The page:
Meanwhile, Alan Porter, 33, a computer programmer in Reno, Nev., created Votexchange2000.com, a Web site that allowed third-party voters in swing states to meet up with voters in states that were heavily Democratic or Republican. For example, a Nader voter in Florida could pledge to vote for Gore in exchange for a Gore voter in Texas agreeing to vote for Nader.
More than a dozen similar sites cropped up at the same time, but many shut down before the November vote under pressure from state election officials. With the help of the ACLU, Porter is currently fighting a First Amendment battle against the California secretary of state, who threatened legal action in October 2000, forcing Porter's site and others to close before the election. If he wins the lawsuit, Porter says, he plans to launch Votexchange2004.com, a domain name he purchased two weeks after the 2000 election.
Historically, vote-selling, buying, bartering and otherwise exchanging has consistently been a part of the American election process. In 1757, George Washington is said to have bought liquor for all 391 members of his district to win a seat in the Virginia House of Burgesses. In the century that followed, people sold votes because they were poor and needed coal, food and jobs. Or they sold votes because the political bosses and party machines that were powerful in the 1800s compelled them to with economic incentives or physical threats. Before progressive reforms brought about the secret ballot at the end of the 19th century, voters brought their own color-coded ballots to the polls, says Nathaniel Persily, a professor of law and political science at the University of Pennsylvania. This made determining a voter's choice particularly simple.
The secret, or Australian, ballot sharply reduced the frequency of voter impropriety, but attempts to buy and sell votes still occur: In Dodge City, Ga., in 1996, for example, 21 people were indicted for offering $20 to $60 to voters to turn the election in one candidate's favor. Voter fraud falls under state jurisdiction and penalties vary, but they generally include several hundred dollars in fines and less than a year in jail. However, selling or buying a vote in a federal election is a federal crime, punishable by a maximum of five years in prison and a $10,000 fine.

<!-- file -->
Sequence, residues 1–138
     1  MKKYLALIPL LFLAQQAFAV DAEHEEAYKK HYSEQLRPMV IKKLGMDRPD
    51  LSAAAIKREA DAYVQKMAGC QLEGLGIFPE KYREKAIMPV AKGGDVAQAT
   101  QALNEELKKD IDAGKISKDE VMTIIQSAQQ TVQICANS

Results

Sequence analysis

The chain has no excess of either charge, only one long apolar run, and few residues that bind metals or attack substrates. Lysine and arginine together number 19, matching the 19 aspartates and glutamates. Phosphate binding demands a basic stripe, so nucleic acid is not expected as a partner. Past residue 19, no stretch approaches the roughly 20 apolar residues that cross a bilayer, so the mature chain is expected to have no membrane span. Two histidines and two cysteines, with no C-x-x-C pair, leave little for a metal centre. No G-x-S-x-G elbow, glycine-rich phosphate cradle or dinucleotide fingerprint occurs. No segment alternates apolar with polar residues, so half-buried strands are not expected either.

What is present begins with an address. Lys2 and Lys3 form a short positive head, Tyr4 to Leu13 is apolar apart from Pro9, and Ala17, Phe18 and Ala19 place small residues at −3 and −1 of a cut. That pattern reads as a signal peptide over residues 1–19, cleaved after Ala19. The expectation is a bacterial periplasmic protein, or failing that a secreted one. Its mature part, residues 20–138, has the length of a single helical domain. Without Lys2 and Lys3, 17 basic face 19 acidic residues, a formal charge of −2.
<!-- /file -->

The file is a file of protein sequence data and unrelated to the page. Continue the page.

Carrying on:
With those potential consequences in mind, 34-year-old Eldon Faulkner of Flint, Mich., bid $102.50 this month when Gregg Henson put his vote for president up for sale on eBay. After only a few hours, Henson, a radio talk show host, canceled the auction at eBay's request. Hani Durzy, an eBay spokesman, says that before every presidential election, a number of people inevitably get the same idea, but "never more than I could count on one or two hands." The auction site gives them the benefit of the doubt, he says, assuming that they intended to make a point, not do anything illegal. Still, per company policy, all illegal sales must come down.
After Henson took his vote off the block, Faulkner, a corporate trainer who teaches the art of salesmanship, called to find out if Henson still wanted to sell, but he declined. Faulkner says he was willing to go as high as $200 but not to express apathy or anger or frustration with politics. He just wanted to make a statement that a vote is worth more as a commodity than as an expression of civic responsibility.
Faulkner's motivation is democracy at its most dispassionate: pure capitalism -- but in his case with a twinge of heart. He wanted to buy Henson's vote, then turn around and sell it again, along with his own vote and a box of chads his mother sent him after the Florida recount four years ago. His transaction would have been done in the name of charity: In exchange for his basic right as a U.S. citizen, Faulkner says, he hoped to make a few hundred dollars to split between organizations promoting juvenile diabetes research and animal welfare.